They were not solid—nay, “They’re merely ghosts!”
The shadows ‘round her dark as deathly sleep.
The knight who’d led her there now caught her eye,
Her eye—exact same as those of his boast.

With every thought each jewel came tumbling down;
All in her head—the silks dissolved to dust.
She was not here, in truth, nor was she Queen;
There was no here—no head to hold the crown.

For she in sleep had taken final breath;
Oblivion had brought to her false bliss,
And Queen Nocturna, in ballroom of night,
Only could have wishes fulfilled by Death.

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She sailed across the sea of silent stones,

Her ghostly face gleaming in spite of gloom.

I shadowed her; perhaps I should have known

That she was taking me to my own tomb.

Before I disappeared she made a call

Across the water, to my wakened self,

Awaiting both her and my future fall,

All-too-aware of the nightmares I’d felt.

Her words cast shadows on her sharpened teeth;

She took me far away from towns of graves

To which she’d steered me in my troubled sleep,

When I was minding as she misbehaved.

In dreams she bestowed me my final breath,

But in a call her voice was dulcet death.

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They say in the north, in a series of hurried whispers

That the blackbird is coming—

“The blackbird is coming,”

Coming with a vengeance to join her vivacious sisters.

Calculating, causing a bout of premature shivers,

The blackbird is coming—

The blackbird is coming,”

Clutched tightly in its two talons: four ferocious winters.

No chronicled cold, no known chill has ever been brisker;

The blackbird is coming—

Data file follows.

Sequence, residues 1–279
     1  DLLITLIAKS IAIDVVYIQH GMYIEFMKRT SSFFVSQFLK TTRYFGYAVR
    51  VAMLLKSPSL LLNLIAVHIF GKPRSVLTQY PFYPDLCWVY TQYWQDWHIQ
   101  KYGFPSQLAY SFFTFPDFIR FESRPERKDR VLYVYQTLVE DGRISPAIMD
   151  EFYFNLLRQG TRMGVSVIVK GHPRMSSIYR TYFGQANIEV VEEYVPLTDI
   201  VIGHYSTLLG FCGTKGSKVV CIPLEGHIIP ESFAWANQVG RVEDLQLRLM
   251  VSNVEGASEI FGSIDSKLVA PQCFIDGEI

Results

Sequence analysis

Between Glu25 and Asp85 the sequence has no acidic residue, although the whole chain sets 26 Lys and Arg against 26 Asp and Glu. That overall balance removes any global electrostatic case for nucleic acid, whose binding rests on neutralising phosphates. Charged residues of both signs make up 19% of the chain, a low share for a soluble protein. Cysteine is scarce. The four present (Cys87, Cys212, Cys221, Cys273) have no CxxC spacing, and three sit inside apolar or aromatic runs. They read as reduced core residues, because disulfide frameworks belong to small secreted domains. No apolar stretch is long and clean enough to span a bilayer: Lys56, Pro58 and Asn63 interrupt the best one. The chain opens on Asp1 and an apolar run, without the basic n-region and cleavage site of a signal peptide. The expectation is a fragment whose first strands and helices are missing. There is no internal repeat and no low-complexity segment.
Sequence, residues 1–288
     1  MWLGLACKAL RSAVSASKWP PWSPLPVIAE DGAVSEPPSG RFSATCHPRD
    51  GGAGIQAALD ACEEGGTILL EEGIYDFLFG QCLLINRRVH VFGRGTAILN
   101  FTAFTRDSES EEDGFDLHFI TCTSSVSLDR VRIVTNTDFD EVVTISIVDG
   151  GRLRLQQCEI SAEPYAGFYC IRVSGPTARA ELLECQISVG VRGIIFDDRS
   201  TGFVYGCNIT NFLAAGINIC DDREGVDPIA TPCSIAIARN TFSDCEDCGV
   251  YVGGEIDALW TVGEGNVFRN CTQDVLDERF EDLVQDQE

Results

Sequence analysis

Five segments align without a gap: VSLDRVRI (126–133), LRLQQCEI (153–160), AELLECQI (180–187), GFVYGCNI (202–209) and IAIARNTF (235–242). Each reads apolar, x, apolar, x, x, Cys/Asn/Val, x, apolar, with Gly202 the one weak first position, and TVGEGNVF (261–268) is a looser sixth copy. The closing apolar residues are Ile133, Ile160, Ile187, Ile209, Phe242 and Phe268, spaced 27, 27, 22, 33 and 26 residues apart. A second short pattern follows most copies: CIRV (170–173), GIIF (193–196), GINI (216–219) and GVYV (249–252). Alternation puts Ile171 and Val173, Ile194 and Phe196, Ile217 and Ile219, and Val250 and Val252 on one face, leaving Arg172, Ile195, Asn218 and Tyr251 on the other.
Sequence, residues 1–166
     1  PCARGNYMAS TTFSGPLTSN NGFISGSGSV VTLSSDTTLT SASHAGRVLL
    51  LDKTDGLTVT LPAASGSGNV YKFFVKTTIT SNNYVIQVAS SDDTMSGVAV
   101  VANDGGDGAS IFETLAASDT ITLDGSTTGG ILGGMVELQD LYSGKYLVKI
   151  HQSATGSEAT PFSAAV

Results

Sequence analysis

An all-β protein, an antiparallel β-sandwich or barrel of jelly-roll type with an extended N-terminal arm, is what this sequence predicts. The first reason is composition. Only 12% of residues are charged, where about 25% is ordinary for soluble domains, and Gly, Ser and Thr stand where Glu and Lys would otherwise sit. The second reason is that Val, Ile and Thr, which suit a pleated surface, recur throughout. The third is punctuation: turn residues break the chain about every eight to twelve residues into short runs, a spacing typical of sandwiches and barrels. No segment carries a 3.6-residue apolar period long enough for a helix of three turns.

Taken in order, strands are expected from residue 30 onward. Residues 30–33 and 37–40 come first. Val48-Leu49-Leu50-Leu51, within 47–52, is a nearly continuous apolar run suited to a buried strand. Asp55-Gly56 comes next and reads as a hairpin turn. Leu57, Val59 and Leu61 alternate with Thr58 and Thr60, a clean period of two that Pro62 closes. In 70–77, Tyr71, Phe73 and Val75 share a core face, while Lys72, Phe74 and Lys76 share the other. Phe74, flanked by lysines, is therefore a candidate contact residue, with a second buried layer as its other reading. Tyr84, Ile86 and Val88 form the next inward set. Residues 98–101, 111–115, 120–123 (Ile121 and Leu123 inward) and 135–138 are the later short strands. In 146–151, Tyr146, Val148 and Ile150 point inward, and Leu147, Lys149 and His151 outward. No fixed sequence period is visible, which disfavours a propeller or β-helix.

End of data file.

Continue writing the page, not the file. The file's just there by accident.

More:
“The blackbird is coming.”

Gliding through the dusk sky, she could not be any swifter.

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I daresay that I cannot decide

Whether it is the stardust in your eyes

Or pixie dust scattered upon on your hair

From the spells that you cast into the air—

The incantations whispered in a dream

Reflected in a looking glass pristine.

In hazy crystal balls there’s naught to find—

The mystery’s not easily defined;

Overlook constant cycles of the moon,

The stars that will dance into orbit soon,

Flashes of lightning twirling in the skies,

The ever constant pull and flow of tides.

Do not think twice about huddles of crows—

These things are not what do enchant me so.

I’m bewitched far beyond the realm of chance;

Luck possesses far too feeble a stance.

No, this is the work of things unexplained—

Beasts sprung from golden legend, gods untamed.

Magic in age-old form is what it seems:

To be charmed beyond all thinkable means.

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From afar a glorious thing,

Like a city at midnight beckoning;

Your cage disguised as your wings,

Gold and diamonds and pretty rings;

Tinted windows blocking the light,

Tumble down seventeen stories high;

Never see sun, never see sky,

Sickeningly jeweled hand on your thigh;

Black suits in a suffocating sea,

Can’t bite the gold between your teeth;

A façade like an opaque sheath,

You never wonder what’s beneath.